Carefully, we made our way out bearing in mind the danger of mines that are especially widely found in previous settlements as well as close to graveyards. A step too far could have dire consequences for the whole group.

“The surrounding villages are mostly mined. Mines are everywhere where Azerbaijanis could go when they return to these territories,” Imanov said, adding that a 5-kilometer (3.11-mile) wide minefield existed in the region we found ourselves, making it a mined area of longer than 200 kilometers. “The ethics of using mines was disregarded like the distance between mines, the different types of mines, plastic mines difficult to detect, remote-control mines…”

Despite nonstop efforts by the Azerbaijani government to clear the mines in the region to enable lives and livelihoods to thrive in Karabakh, two years of intense mine-clearing work has only resolved a small part of the whole process. Some 66,000 mines have been so far detected in Karabakh, most in places and practices against international law and outside the areas designated by the maps Armenia provided Azerbaijan after the 2020 war, therefore still causing pain and costing the lives of innocent civilians and soldiers.

Once a meticulous effort of mine-clearing is over in an area, new roads and facilities are built and construction is currently seen throughout the region.

In the strategic city of Shusha, the heart of Karabakh, mosques were destroyed as well. The town on top of a hill and overlooking Stepanakert (Khankendi) had 17 mosques yet most were destroyed or turned into churches. Works are ongoing for the restoration of three of the mosques, including the central mosque Yukhari Govhar Agha Mosque, built in the 1800s and of high cultural and historical significance for the city.

In September last year, Azerbaijan already inaugurated the first airport in Karabakh, the Fuzuli Airport, while another airport in Zangilan is expected to be opened toward the end of this month and plans are in place for an airport in Lachin. All these developments showed how rapidly it was possible to reconstruct and redevelop once the necessary planning and efforts were put into place.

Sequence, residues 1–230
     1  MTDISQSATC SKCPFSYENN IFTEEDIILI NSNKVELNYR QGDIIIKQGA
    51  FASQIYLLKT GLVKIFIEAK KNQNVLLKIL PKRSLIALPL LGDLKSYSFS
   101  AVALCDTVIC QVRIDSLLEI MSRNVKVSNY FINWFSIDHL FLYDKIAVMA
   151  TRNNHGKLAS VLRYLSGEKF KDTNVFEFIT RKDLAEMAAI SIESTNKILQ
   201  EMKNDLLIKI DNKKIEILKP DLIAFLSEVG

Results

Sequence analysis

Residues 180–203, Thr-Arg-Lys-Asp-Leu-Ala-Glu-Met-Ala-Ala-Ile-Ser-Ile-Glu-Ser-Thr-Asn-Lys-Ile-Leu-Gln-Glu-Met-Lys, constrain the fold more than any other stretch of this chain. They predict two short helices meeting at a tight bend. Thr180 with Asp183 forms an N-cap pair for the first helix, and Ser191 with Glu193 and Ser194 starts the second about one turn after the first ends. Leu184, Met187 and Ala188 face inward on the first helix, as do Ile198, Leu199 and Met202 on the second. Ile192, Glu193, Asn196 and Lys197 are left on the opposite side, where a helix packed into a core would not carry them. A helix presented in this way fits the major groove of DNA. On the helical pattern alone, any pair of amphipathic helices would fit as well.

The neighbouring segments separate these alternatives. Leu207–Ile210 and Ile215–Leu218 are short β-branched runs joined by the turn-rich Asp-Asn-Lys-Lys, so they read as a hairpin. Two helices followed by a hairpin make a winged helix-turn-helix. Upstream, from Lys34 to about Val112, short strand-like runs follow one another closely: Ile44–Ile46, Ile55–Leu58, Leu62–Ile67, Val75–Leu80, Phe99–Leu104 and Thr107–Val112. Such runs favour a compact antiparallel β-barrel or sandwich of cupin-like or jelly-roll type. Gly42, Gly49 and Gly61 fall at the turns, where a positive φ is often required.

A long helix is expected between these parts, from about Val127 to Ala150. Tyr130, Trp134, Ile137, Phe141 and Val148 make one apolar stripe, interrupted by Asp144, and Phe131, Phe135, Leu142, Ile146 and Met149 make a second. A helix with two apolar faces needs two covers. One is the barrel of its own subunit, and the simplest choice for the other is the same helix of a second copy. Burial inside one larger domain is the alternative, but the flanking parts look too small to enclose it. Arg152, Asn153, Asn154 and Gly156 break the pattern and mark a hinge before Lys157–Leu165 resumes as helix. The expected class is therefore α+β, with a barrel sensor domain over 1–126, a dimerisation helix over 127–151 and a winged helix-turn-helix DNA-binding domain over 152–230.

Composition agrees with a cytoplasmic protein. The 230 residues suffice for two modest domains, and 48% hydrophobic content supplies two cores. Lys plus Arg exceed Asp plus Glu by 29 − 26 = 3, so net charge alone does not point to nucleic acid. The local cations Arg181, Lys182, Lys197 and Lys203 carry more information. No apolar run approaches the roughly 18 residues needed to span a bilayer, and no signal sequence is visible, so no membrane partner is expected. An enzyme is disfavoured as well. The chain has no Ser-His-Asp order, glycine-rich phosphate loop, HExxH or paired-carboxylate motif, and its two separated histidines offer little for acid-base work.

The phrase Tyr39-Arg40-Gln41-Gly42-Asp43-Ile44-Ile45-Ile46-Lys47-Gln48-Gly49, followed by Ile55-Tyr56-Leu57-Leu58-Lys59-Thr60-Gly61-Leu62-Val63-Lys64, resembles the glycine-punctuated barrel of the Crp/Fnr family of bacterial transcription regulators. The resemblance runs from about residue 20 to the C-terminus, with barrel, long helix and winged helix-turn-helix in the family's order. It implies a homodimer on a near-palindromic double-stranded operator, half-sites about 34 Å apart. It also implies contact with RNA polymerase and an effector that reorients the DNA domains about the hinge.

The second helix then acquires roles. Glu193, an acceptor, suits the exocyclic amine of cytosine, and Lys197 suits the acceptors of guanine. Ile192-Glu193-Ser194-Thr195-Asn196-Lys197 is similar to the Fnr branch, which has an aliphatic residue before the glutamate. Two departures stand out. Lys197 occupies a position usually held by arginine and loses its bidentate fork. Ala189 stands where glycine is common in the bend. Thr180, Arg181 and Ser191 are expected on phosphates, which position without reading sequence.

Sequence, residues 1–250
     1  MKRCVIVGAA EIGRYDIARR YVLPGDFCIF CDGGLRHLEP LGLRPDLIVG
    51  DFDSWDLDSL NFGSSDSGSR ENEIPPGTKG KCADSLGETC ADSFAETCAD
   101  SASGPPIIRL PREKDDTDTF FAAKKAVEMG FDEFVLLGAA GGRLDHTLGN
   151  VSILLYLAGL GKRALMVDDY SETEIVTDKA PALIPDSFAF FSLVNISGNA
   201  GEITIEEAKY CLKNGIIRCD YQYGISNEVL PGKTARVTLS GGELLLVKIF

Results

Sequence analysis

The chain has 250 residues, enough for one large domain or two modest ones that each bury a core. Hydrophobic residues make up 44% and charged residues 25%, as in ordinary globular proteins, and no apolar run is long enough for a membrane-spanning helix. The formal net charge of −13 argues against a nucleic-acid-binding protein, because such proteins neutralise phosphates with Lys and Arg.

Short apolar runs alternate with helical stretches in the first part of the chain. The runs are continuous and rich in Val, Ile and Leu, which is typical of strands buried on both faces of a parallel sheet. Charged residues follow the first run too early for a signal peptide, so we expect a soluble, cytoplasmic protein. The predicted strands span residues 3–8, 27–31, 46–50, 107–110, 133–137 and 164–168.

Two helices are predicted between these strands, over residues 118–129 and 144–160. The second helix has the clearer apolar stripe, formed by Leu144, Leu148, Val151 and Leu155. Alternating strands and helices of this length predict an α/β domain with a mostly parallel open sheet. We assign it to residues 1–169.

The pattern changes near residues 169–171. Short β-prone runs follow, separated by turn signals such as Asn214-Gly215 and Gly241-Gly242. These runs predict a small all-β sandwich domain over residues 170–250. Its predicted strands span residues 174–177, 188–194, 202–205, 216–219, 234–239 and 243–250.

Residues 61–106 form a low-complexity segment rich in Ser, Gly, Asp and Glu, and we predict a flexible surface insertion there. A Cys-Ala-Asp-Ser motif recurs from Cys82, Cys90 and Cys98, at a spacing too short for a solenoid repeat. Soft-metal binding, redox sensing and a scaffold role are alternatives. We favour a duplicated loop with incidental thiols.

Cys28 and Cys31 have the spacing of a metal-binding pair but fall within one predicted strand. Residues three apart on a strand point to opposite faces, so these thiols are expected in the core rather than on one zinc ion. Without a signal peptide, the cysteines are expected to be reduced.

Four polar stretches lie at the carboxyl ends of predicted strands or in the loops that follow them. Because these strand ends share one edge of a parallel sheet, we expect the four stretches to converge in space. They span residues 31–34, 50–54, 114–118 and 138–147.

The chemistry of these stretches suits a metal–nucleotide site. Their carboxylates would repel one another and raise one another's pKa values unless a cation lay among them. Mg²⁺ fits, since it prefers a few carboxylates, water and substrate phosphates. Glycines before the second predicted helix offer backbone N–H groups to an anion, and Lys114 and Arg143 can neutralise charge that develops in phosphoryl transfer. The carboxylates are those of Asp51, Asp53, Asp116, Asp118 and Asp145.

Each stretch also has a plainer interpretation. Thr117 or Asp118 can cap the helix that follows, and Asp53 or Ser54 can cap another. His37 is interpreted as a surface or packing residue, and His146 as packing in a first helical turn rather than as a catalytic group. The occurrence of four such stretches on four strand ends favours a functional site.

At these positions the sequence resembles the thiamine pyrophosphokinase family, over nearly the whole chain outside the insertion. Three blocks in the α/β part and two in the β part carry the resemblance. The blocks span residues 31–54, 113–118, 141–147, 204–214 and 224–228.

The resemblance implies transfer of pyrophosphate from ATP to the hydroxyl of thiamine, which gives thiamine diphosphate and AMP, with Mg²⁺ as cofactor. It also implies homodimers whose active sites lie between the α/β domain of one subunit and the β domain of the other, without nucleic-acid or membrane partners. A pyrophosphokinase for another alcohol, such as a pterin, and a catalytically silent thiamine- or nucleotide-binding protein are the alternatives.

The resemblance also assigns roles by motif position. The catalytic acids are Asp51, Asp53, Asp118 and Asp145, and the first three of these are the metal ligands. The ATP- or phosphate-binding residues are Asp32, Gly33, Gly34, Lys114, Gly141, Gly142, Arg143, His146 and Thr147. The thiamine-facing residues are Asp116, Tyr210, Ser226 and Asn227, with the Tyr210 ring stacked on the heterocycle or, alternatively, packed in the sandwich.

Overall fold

For this reason, new life was also thriving in Karabakh despite all the destruction and damage like the example of the Agali smart village in Zangilan, which constitutes a pilot project for further such villages to be constructed. Some 66 families making up 365 people have so far returned to Agali from Baku and have been eager to resettle in the region. The families are provided with houses, social facilities, occupations as well as health and education opportunities.

Children, the youth as well as the elders alike, were walking around the small square, home to a cafe, a pharmacy, a bank, and a telecommunications store. Solar panels are seen on the houses as well as on street lamps, and a government representative told us that other renewable energy sources are used in the village as well. He highlighted that more people eagerly await being a citizen of the new smart villages, which provide new hope for the locals after years of foreign occupation and forceful displacement.

After the conflict ended, Azerbaijan launched a massive reconstruction initiative in the liberated Karabakh region.

In July, Azerbaijan began the process of returning its people to land recaptured from Armenian forces in what Baku calls “The Great Return.” The oil-rich country has vowed to repopulate the recaptured lands.

 

This report originally appeared in Daily Sabah on September 19, 2022. 

 

CATEGORIES